The hackathon provides innovative real-world training for a new and necessary generation of tech builders and leaders from low-income communities. Students get a chance to work hand-in-hand with some of Central Texas’ most successful technologists to define, design, develop, and deploy real tech products to solve issues that are negatively impacting the community of our students and their peers.
What is one stand-out project that resulted from the hackathon that has made a positive impact on the local community?
Since the theme of our hackathon is to solve an issue that negatively impacts the community, it’s hard to choose just one! Projects from our December hackathon included: a babysitting app for teen mothers based on grades, crowd funding for low-income students for school uniforms, how to manage stress and mental health and balance school success, and a project by the “Coding Queens” that addressed racial cyber bullying. These girls knew firsthand the pains and danger of cyber bullying and decided to solve the problem themselves by building an educational and actionable tool to counter the increasingly hateful language found online. You can read about the event from one of our judges, Hugh Forrest, here.
What have you found to be the best way to connect learning with preparing for real-world careers and community impact?
The most successful connection tool, by far, has been the tech office visits we set up for the schools we support. Each semester, a school is able to visit a tech office at businesses such as Samsung, Whole Foods, Facebook, RetailMeNot, Oracle, etc, that includes a tour and a Q&A with a diverse panel of employees, diverse in terms of background and role at the company. One of the most salient examples took place at Whole Foods Market, where the panel included folks from five different positions connected to their digital presence and an in-depth presentation of current work with two students at a time. The teacher told me multiple students said after that, “I can see myself doing that job,” having been given the chance to learn about it in detail by someone from a similar background.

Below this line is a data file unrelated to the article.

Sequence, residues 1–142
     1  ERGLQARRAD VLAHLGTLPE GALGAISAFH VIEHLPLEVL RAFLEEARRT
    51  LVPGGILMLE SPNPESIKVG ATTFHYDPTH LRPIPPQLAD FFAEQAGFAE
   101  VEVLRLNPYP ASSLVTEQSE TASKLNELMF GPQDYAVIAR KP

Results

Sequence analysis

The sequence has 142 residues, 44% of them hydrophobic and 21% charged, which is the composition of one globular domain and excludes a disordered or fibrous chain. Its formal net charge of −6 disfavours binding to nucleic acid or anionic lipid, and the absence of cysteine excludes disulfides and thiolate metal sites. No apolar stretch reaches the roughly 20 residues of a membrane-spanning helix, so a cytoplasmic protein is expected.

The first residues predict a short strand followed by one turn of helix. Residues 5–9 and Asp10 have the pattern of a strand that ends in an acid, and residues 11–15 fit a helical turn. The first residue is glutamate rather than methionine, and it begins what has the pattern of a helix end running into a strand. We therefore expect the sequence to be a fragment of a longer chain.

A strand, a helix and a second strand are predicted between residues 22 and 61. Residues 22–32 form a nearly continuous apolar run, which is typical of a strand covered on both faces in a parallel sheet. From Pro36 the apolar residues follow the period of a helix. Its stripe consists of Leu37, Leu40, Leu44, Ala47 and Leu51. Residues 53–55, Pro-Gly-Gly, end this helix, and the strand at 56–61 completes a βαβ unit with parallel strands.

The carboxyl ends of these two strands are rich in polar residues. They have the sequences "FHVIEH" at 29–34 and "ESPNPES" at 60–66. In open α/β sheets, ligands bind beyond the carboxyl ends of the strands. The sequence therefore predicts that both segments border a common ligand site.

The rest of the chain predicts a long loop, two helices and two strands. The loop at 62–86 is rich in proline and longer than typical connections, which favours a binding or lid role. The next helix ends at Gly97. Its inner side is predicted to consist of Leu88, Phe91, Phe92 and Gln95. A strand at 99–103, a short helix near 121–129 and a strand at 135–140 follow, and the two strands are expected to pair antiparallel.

How do you expect next generation networks to support C/I Austin’s efforts?
The more students that can engage computer science/coding education increases the number of citizens that participate in the building of the internet, which the Gigabit will contribute to immensely. Also, internet speed will be the next phase of the digital divide, so increasing fuller participation in all aspects of digital/internet community permits a greater opportunity to tap into potential.
What are you most excited about in working with Mozilla and bringing web literacy work to Austin?
Web literacy will help students fully utilize gigabit internet and the multitude of opportunities that come with understanding how the internet can change our communities. For example, Coding4TX and Austin Public Library developed a program, Juntos Online, to encourage families to embrace digital tools at the library.